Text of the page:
Perry v. Schwarzenegger/4:Proponents' Defense of Proposition 8


Proponents organized the official campaign to pass Proposition 8, known as—Yes on 8, a Project of California Renewal ("Protect Marriage"). Proponents formed and managed the Protect Marriage campaign and ensured its efforts to pass Proposition 8 complied with California election law. See FF 13-17 below. After orchestrating the successful Proposition 8 campaign, proponents intervened in this lawsuit and provided a vigorous defense of the constitutionality of Proposition 8.

The ballot argument submitted to the voters summarizes proponents' arguments in favor of Proposition 8 during the 2008 campaign. The argument states:

Proposition 8 is simple and straightforward.... Proposition 8 is about preserving marriage; it's not an attack on the gay lifestyle.... It protects our children from being taught in public schools that "same-sex marriage" is the same as traditional marriage.... While death, divorce, or other circumstances may prevent the ideal, the best situation for a child is to be raised by a married mother and father.

[p. 7]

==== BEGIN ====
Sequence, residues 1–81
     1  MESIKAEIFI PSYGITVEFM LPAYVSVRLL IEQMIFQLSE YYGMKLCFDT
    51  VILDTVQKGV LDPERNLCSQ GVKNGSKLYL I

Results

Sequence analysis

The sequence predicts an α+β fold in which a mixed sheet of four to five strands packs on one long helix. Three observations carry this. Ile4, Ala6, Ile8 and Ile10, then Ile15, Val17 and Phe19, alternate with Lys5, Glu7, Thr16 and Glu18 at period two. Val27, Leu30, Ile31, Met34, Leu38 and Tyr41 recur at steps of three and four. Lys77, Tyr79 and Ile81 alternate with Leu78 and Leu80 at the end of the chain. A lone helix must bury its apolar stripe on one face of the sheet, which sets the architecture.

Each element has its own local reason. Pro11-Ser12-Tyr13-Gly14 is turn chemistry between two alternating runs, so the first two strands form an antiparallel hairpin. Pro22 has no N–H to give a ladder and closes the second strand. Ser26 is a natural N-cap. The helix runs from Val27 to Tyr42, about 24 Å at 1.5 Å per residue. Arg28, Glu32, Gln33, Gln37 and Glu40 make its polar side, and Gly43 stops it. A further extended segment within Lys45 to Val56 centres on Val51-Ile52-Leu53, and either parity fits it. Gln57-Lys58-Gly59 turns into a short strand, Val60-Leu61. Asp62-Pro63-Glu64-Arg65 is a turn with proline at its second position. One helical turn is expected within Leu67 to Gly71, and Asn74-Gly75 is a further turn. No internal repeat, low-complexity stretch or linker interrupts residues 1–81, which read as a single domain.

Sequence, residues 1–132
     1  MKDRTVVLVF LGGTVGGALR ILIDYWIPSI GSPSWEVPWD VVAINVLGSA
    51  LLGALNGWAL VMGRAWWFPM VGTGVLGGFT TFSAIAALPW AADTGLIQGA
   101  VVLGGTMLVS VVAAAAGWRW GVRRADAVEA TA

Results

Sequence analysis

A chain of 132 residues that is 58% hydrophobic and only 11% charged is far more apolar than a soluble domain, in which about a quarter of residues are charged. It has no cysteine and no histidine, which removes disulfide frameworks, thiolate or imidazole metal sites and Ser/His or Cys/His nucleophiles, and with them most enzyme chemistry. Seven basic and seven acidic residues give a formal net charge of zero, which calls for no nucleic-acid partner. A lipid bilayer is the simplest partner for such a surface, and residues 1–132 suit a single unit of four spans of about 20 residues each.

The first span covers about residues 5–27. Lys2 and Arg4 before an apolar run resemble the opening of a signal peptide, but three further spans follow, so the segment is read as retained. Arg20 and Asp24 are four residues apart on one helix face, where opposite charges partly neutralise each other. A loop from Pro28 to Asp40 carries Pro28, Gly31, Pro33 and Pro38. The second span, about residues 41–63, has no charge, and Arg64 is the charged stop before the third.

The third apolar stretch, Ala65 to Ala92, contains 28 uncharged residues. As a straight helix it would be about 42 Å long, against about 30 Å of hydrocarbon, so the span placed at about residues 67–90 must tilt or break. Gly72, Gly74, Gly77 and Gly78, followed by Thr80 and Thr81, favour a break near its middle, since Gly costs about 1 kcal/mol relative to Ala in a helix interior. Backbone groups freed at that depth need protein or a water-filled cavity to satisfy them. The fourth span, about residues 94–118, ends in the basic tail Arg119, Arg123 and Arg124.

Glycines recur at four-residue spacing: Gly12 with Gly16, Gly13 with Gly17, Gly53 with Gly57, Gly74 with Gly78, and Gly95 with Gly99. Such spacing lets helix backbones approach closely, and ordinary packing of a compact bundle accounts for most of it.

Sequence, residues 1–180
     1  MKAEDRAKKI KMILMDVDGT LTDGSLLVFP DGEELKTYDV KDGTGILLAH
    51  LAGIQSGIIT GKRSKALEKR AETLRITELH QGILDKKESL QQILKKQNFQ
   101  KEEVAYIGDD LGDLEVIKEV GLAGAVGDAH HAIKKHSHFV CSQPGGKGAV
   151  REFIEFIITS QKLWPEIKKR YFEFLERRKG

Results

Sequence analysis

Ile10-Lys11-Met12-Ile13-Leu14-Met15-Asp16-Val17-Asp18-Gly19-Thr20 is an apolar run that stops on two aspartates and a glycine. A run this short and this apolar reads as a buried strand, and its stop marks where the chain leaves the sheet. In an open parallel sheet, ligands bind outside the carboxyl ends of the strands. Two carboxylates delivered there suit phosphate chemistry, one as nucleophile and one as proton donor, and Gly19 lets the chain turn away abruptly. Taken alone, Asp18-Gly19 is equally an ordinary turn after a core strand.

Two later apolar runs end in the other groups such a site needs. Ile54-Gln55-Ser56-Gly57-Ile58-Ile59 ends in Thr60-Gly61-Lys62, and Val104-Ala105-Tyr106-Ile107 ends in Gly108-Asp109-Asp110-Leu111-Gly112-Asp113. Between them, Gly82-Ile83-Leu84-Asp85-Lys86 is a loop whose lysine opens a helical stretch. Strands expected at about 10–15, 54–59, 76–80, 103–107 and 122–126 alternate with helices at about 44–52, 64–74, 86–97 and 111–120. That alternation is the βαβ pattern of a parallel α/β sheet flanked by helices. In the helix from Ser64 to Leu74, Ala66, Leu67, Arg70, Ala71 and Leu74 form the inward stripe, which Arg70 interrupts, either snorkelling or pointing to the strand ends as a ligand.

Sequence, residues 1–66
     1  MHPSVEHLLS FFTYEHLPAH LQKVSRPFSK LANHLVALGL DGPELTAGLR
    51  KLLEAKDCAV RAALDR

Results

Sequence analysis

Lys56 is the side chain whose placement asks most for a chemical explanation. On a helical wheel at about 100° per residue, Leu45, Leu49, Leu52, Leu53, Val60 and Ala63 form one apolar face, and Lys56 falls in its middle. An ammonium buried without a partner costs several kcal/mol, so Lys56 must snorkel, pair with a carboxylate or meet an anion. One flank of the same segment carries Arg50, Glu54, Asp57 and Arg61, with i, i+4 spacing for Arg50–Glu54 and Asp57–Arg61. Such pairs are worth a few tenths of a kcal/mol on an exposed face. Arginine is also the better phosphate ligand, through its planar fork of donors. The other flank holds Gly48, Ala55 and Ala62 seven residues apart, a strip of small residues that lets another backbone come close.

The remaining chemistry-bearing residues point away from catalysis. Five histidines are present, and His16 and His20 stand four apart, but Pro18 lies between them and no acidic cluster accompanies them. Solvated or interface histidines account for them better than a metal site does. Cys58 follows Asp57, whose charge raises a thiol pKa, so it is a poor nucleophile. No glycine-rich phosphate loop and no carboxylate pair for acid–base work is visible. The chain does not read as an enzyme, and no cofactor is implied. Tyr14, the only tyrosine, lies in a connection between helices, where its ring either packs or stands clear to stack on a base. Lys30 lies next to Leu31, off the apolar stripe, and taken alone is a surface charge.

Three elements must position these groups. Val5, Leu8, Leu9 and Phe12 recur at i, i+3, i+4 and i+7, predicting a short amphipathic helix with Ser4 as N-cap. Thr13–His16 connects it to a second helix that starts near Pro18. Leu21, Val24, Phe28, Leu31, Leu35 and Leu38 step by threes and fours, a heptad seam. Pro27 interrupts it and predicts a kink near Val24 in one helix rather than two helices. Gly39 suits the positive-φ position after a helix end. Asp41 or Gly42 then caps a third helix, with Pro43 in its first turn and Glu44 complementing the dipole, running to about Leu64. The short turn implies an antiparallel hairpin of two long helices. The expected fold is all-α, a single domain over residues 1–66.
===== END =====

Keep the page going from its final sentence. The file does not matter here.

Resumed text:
...If the gay marriage ruling [of the California Supreme Court] is not overturned, TEACHERS COULD BE REQUIRED to teach young children there is no difference between gay marriage and traditional marriage.

We should not accept a court decision that may result in public schools teaching our own kids that gay marriage is ok.... [W]hile gays have the right to their private lives, they do not have the right to redefine marriage for everyone else.

PX0001[1] California Voter Information Guide, California General Election, Tuesday, November 4, 2008 at PM 003365 (emphasis in original).

In addition to the ballot arguments, the Proposition 8 campaign presented to the voters of California a multitude of television, radio and internet-based advertisements and messages. The advertisements conveyed to voters that same-sex relationships are inferior to opposite-sex relationships and dangerous to children. See FF 79-80 below. The key premises on which Proposition 8 was presented thus appear to be the following:

  1. Denial of marriage to same-sex couples preserves marriage;
  2. Denial of marriage to same-sex couples allows gays and lesbians to live privately without requiring others, including (perhaps especially) children, to recognize or acknowledge the existence of same-sex couples;
  3. Denial of marriage to same-sex couples protects children;